Lastly, I turned to an unexpected color analysis professional: ChatGPT. I still wasn’t sure of my skin’s undertone, and as someone who in their 22 years of life has never successfully found a good concealer or foundation match, I was wary of my ability to identify them correctly. After seeing a viral TikTok where users use the photo app to get specific hex color codes for their skin, hair, and eyes, I decided to give it a try. ChatGPT told me I had warm undertones, meaning I would fall into the spring or autumn categories. This, combined with my other methods, determined my color season is spring, and my subcategory is light spring. My palette is warm-toned and light, featuring many pastels like pink, blue, yellow, purple, green, and beige, ivory, grey, and brown neutrals. Once I figured out what color season I was, it was time to put my wardrobe to the test. Here’s what I learned after strictly dressing in the light spring palette.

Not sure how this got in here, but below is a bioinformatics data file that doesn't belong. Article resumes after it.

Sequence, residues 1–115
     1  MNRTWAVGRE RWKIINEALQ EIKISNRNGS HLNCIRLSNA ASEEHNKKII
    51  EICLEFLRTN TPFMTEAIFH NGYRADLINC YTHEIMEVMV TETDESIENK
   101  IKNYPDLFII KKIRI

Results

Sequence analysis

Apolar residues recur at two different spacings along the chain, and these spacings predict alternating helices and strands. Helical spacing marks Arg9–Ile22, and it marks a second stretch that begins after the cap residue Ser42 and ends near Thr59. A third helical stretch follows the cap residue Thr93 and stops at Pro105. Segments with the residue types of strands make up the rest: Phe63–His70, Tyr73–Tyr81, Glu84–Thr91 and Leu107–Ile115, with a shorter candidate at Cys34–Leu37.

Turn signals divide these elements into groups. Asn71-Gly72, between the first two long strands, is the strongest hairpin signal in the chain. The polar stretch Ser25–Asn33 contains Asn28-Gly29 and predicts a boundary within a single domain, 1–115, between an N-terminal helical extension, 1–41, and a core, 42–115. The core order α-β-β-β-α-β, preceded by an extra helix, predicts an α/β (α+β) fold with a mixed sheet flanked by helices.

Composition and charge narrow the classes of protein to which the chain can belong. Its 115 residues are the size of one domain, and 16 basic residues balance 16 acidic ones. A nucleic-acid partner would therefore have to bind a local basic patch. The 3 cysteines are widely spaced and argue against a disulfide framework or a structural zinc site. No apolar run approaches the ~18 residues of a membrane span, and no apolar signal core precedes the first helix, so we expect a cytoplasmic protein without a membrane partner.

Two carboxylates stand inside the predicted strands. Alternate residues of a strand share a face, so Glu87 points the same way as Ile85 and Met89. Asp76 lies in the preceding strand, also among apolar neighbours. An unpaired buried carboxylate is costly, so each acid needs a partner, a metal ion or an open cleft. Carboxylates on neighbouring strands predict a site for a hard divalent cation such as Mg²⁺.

What I learned

It was harder than I expected to stick to one palette

When I began this experiment, I opened my drawers to assemble some outfits and was greeted with a sea of black tops. In an effort to ditch my college-girl style and opt for something more mature, I have inadvertently erased all evidence of color in my wardrobe: black going-out tops, modest black tops, and black workout tops. Name an occasion, and I have a black top to wear to it, resulting in something more along the lines of Elizabeth Holmes/Steve Jobs’ sartorial choices than a chic post-grad woman. I don’t even particularly love black, but living in the age of quiet luxury and elevated basics—it turns out black is the new… black.

Finding out black is one of my worst colors (ouch) and was persona non grata for this experiment, I knew I would have to get crafty to put together light spring outfits with my current closet, which was a lot more difficult than I initially expected. At times, I was tempted to stay in my aptly colored light beige robe all day rather than put the mental effort in to find an outfit that fit my parameters.